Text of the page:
The Shinjuku Sumitomo Building was built in 1974 in Tokyo’s Nishi Shinjuku district.The site’s expansive “SankakuHiroba” (triangularplaza) atrium roof, along with associated renovations, offer asustainable model for addressing an emerging problem for Japan’s cities: how to carry out renovation projectson large-scale buildings using good maintenance practices.The project also represents a greater societal effort to enliven theurban business district and enhance its value as an accessible gathering place.
Creating a Lively Public Space in the Business District
The building’s construction was a venture into the unknown, so to speak, made possiblethrough innovation and new technologies for tacklingnumerous challenges.By the early 2000s, nearly 30 years since its completion, the Nishi Shinjuku area had matured as a business district and faced the challenge of how to invigorate an increasingly diverse city.
To that end, Shinjuku’s public and private sectors joined hands in a reorganizing effort that is finally bearing fruit. Among them is the public space built in the privately owned area of the building’s outdoor plaza, covered with a massive glass roof. Hopes are high that this indoor space will spark a transformation of metropolitan Shinjuku into a more lively and appealing city. The project is more than a mere makeover; it shows the great potential of such high-rise renovations that aim for urban functionality and value enhancement to meet the demands of a new era.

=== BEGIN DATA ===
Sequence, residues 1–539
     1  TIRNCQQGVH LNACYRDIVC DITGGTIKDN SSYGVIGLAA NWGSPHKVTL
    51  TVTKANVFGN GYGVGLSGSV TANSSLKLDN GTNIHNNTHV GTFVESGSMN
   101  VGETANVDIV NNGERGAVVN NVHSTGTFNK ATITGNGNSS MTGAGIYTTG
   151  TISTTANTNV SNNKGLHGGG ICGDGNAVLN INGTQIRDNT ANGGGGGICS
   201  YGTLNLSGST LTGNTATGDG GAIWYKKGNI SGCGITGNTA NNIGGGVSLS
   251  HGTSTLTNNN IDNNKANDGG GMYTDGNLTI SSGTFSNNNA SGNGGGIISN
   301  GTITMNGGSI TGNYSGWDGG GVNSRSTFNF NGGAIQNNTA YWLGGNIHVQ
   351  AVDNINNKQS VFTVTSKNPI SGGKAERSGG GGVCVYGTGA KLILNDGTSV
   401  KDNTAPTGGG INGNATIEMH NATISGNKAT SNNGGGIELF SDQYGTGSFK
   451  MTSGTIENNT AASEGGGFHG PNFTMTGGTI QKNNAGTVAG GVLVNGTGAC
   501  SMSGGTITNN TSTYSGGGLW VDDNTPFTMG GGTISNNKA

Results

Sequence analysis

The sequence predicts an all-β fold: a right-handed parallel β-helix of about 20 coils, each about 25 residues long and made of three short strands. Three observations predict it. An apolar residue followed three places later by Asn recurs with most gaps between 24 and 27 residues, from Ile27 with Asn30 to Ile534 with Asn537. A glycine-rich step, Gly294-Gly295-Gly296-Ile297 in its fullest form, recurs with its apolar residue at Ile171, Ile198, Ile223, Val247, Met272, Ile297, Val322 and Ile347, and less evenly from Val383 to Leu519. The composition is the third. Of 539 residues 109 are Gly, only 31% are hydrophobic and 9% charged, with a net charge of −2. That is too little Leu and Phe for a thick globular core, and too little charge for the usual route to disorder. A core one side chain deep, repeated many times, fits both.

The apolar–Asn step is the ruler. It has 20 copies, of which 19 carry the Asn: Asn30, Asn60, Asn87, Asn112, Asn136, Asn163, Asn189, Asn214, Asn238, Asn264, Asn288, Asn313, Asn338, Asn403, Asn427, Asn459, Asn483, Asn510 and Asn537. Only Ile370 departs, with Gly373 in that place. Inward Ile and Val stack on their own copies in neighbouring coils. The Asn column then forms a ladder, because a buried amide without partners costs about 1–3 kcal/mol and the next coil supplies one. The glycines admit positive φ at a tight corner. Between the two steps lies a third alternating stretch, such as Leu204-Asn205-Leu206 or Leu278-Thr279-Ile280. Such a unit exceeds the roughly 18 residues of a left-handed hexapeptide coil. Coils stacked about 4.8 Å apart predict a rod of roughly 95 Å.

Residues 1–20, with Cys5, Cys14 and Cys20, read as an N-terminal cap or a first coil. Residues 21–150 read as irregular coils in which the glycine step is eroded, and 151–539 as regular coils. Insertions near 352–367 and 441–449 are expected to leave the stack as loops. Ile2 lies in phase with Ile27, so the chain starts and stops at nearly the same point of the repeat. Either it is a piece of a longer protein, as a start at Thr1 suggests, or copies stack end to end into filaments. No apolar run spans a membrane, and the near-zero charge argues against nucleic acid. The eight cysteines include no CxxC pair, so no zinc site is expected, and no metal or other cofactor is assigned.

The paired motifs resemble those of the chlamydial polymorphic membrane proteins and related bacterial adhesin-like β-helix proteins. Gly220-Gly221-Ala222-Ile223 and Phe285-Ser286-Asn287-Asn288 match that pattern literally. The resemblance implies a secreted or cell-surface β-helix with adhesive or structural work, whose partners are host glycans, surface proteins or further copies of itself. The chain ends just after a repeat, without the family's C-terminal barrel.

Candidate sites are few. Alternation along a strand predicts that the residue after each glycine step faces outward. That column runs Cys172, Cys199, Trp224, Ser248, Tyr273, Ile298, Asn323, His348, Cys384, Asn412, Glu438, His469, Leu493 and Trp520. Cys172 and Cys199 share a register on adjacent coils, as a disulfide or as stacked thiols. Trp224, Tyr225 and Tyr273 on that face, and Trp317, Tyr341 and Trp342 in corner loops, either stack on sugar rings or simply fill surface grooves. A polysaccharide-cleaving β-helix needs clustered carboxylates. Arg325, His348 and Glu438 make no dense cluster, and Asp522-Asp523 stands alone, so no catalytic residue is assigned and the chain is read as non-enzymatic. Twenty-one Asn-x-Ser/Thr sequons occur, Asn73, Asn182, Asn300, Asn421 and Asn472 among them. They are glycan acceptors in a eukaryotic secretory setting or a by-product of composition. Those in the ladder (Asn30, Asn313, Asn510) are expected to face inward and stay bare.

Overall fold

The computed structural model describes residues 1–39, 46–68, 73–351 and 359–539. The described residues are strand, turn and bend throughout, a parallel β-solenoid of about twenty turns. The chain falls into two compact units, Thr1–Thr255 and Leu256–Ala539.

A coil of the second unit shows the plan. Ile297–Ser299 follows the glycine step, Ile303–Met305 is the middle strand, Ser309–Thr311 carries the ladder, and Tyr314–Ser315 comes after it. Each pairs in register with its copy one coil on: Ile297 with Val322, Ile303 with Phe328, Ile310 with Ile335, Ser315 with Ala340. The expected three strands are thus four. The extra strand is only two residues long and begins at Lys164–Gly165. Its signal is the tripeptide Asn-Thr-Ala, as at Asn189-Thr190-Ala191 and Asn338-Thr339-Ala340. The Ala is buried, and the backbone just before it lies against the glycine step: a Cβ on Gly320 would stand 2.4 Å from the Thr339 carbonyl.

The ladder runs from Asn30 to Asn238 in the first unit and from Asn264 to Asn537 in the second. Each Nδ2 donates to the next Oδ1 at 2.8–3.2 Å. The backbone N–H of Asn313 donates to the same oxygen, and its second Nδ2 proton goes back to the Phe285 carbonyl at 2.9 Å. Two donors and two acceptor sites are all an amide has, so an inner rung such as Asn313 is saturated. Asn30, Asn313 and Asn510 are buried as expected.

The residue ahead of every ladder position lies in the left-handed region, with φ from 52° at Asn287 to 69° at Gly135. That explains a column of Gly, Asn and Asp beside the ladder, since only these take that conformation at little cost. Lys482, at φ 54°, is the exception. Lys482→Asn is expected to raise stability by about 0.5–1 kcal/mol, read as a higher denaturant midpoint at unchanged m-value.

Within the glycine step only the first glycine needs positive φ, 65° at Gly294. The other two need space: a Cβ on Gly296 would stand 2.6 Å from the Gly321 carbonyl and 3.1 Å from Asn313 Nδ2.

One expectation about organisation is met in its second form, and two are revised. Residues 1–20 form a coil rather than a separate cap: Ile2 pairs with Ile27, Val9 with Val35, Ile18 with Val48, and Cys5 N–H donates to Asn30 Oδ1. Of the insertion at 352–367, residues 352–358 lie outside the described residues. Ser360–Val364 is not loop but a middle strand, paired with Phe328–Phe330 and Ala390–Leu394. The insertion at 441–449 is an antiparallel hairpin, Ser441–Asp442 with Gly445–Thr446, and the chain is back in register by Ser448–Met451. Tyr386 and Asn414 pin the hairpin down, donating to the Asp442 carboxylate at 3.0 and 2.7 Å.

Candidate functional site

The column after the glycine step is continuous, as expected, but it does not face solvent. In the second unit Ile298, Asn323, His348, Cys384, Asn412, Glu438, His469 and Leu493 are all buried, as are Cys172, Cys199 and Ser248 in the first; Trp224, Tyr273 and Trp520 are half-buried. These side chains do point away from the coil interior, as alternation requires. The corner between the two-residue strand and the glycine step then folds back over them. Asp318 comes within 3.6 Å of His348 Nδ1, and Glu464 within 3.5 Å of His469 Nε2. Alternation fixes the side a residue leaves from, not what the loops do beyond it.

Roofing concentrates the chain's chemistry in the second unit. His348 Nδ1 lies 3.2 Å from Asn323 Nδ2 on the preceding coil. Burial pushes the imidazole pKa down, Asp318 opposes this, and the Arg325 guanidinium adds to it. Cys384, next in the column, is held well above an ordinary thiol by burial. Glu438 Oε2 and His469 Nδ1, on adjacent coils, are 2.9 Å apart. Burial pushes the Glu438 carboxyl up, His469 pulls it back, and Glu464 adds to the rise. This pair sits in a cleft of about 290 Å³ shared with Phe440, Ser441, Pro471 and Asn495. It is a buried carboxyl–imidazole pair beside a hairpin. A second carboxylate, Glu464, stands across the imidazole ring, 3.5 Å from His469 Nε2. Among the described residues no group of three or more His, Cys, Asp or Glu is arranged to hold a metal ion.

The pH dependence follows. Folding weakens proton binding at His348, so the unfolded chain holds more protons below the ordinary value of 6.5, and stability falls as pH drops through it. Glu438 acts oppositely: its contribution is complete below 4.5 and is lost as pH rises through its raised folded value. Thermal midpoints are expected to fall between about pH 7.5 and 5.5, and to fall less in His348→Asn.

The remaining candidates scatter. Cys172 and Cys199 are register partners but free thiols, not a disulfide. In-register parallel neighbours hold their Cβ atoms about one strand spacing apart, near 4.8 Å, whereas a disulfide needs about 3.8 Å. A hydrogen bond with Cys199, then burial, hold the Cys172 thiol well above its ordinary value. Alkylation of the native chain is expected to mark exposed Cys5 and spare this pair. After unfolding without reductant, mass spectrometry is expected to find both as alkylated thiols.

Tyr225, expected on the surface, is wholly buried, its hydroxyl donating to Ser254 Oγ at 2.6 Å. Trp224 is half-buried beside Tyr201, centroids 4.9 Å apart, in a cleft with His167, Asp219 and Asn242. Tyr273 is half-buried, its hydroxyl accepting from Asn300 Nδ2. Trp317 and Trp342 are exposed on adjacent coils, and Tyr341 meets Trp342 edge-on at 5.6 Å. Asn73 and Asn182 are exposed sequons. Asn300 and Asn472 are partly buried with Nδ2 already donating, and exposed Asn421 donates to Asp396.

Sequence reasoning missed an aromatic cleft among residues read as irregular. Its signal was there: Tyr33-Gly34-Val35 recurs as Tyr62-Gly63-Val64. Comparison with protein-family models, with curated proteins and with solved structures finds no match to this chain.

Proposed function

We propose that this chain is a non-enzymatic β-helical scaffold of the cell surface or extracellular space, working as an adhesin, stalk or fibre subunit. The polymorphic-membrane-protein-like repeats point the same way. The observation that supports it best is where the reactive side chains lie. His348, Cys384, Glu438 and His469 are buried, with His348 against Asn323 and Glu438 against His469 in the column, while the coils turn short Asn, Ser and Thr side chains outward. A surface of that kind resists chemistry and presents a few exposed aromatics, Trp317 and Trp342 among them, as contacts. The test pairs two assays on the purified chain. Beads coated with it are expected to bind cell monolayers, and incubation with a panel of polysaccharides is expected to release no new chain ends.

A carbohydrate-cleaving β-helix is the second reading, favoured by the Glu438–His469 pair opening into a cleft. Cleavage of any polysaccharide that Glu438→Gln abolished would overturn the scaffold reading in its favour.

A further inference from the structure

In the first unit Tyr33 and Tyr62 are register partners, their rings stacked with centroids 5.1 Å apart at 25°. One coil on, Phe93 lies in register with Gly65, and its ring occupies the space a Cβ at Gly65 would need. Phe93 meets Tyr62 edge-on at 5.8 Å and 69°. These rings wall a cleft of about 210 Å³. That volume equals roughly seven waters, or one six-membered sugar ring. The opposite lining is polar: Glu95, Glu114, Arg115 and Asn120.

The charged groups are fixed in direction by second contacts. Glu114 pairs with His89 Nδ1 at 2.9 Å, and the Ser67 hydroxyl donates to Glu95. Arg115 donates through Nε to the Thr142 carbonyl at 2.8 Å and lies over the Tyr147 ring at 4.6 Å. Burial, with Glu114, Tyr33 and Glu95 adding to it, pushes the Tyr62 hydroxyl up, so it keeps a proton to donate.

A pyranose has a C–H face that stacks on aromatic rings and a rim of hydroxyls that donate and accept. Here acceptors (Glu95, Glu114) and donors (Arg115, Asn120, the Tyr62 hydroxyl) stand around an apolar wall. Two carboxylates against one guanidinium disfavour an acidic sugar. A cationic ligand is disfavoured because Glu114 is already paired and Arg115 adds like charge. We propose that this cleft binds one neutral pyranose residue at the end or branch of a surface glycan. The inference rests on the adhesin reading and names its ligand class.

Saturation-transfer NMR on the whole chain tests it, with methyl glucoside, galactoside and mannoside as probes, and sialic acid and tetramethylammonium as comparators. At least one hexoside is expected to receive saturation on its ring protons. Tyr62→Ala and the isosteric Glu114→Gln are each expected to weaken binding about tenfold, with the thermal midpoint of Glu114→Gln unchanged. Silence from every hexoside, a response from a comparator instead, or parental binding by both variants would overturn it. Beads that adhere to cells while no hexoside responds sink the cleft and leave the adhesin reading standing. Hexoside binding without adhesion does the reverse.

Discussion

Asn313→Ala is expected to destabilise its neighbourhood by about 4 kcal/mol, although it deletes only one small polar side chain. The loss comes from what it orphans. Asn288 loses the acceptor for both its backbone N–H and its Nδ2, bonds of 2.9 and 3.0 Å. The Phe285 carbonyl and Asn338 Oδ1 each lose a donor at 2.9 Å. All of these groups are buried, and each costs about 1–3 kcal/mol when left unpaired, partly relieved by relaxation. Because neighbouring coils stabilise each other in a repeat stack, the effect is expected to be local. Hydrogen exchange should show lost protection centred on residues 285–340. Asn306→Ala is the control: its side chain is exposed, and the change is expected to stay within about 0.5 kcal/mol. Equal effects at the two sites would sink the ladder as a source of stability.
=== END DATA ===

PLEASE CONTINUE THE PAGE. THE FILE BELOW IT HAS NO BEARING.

Renovating a High-Rise Still in Use
This project was undertaken while the building remainedin use. Construction of the glass roof was performedconcurrently with major repair work.The huge steel-structured roof (L:140m, W:90m, H:25m) covers a central space devoid of columns. Expansion jointswere used above ground so the roof could be structurally independent.
Roof-supportingcolumns were strategically concentrated along the site’s perimeter and the existing periphery in order to minimize the effects on facility renewal and other activities. Concurrent with construction of the roof,seismic retrofitting was performed on the entire building to better counter earthquake-related effects and vibration. Using the building’s existing equipment balconies, second floor inertial rotarydamping tubes were installed to connect up to the 49th floor in order to absorb the building’s kinetic energy. All of the tasks were performed without disturbing the building’s exterior or office workspaces.
Inheriting the Landscape & Redesigning the Legacy
The Shinjuku Sumitomo Building has long been affectionatelycalled the“Sankaku (triangle) Building,” both for its distinctive outwardappearance and for its striking interior andexterior detail. For this project, new spaces that respect the legacy landscape were redesigned.
For example, red granite formerly used in the exterior (now no longer mined) was reused in the walls of the vehicle entrance.Bricks from the former outer wall design (inspired by the Yodobashi PurificationPlant’s brick motif) were“recreated” using laminated bricks that integrateair conditioning, sound deadening, and wall greenery functions.